I spend a lot of time checking out tech websites and decided to share some of the gems I’ve found recently.
All of these sites are straightforward on the surface, but look a little deeper and you’ll see some interesting copywriting techniques in use.
Fluidly is an AI-driven SaaS platform that helps businesses manage their finances. Its website is very well thought out, both in terms of visuals and copy.
What’s clever about the Fluidly site is the way it uses visual language and metaphors. Notice how the copy uses phrases like ‘Fluidly is by your side’ and ‘see the bigger picture’.
Using visual language can have a positive psychological impact because of the picture superiority effect—basically, people remember images more than words. Other studies also show that metaphors enhance persuasion.
Fluidly cleverly uses visual metaphors throughout its site, such as the ‘successful fish-catcher’ image below. Metaphors are very helpful in fintech because the marketing messages often involve abstract concepts like ‘forecasting’ and ‘management’. These abstract concepts take more mental energy to process.
Notice that in the copy above, Fluidly cleverly frames its offer in a conversational way. Instead of talking about ‘forecasting’, it talks about the question of ‘Now what?’. This balances out the more conceptual language in the second paragraph, so the copy holds on to its down-to-earth feel.
Sense is a home energy monitor, sold to consumers through a clean and modern-looking website.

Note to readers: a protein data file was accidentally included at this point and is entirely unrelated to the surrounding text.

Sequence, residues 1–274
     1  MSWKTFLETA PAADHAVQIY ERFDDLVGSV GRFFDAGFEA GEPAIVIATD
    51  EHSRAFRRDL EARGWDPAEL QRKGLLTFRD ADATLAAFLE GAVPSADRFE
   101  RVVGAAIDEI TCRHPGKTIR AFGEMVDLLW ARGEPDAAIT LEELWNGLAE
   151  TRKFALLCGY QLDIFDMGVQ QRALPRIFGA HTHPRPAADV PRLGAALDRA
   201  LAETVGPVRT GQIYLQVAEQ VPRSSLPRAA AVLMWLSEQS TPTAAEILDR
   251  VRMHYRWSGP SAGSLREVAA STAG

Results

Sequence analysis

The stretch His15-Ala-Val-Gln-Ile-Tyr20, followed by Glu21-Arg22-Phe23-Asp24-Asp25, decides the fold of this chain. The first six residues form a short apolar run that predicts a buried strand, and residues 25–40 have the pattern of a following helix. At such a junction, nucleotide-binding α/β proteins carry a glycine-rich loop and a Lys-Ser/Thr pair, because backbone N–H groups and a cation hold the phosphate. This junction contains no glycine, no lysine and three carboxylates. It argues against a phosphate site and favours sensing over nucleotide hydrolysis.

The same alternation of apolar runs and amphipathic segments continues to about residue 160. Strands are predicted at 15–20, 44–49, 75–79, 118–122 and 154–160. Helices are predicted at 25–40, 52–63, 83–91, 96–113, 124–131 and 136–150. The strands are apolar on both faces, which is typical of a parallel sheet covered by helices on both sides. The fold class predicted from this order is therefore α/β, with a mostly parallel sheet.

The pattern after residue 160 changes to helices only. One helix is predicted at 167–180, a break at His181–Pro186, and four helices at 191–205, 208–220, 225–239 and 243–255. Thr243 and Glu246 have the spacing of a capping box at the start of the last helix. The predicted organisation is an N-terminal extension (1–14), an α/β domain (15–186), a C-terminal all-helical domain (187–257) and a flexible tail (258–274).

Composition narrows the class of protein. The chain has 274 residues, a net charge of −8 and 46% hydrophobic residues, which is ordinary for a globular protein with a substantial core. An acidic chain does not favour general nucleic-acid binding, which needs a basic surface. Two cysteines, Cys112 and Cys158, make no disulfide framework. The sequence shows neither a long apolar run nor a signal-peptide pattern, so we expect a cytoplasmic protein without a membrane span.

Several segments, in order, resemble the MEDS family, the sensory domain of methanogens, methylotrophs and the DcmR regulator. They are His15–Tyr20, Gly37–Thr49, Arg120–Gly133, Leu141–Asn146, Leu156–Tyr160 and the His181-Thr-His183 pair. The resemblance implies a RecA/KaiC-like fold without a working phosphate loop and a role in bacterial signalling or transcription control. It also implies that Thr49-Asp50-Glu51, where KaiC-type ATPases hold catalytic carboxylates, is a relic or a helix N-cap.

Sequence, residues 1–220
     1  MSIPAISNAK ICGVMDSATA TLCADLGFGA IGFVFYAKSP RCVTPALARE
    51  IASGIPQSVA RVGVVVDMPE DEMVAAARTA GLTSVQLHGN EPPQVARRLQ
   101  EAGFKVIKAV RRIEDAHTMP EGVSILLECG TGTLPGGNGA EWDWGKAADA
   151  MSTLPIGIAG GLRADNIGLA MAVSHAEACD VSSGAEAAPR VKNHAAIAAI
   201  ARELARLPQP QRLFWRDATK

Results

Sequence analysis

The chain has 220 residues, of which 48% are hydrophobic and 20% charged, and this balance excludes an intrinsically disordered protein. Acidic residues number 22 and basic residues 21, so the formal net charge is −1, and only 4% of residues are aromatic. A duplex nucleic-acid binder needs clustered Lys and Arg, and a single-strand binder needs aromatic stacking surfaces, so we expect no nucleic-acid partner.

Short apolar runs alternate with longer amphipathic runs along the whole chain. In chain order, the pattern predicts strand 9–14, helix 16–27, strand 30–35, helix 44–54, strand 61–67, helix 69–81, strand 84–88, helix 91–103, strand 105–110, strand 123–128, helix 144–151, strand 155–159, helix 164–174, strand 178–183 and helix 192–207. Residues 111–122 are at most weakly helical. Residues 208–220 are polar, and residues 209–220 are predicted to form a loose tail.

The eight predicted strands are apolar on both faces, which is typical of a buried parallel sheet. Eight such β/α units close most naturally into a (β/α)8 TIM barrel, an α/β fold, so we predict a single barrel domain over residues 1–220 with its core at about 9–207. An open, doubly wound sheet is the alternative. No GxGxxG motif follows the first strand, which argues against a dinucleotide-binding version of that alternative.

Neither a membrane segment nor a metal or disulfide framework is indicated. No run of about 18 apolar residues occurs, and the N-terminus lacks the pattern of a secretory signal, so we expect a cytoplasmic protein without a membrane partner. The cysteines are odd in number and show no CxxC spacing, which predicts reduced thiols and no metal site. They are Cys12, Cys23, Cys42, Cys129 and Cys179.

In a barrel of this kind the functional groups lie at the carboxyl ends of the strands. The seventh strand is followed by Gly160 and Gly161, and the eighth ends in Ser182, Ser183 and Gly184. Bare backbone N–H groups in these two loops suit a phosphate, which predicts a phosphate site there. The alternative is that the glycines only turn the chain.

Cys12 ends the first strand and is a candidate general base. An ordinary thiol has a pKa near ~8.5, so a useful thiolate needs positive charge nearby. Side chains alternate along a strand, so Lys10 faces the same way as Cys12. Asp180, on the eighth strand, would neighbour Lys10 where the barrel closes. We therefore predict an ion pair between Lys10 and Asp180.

The copy is concise and clear, but what’s nice here is the structure. It provides a great user experience by giving the reader a simple introduction and then building on it in each subsequent section.
When it comes to describing how Sense works, the copy does a great job without getting too technical. The ‘voice’ analogy below makes the explanation easy to understand, which will be helpful for non-techy consumers.
Sense also worked some nice creativity into their copy with the wordplay seen below. This can be difficult to pull off in tech, as international audiences may not understand certain idioms or double meanings. However, the sub-heading here works even if you don’t understand the reference.
Phrasing a well-known saying in an unexpected way is a much-loved copywriting technique. Neuromarketers have noted that such text produces an unusual brain response and may serve to capture the reader’s attention.
Braze is a SaaS platform that helps brands engage with and understand their customers better. Its website has an undeniably smooth, original feel.
The platform is complex and has bucketload of different capabilities. Despite this, the homepage does a great job of distilling the offer into a short, punchy proposition that addresses a common pain point.
Braze has some really great call-to-action buttons on its site. Rather than sticking to ‘Learn more’, most of the buttons give specific outcomes related to a feature/benefit of the platform.
This is good copywriting for a couple of reasons. First, it helps users find what they want on a site with lots of unique sections to explore. Second, numerous conversion studies have found that CTA buttons with specific outcomes perform better, especially if they have interesting wording.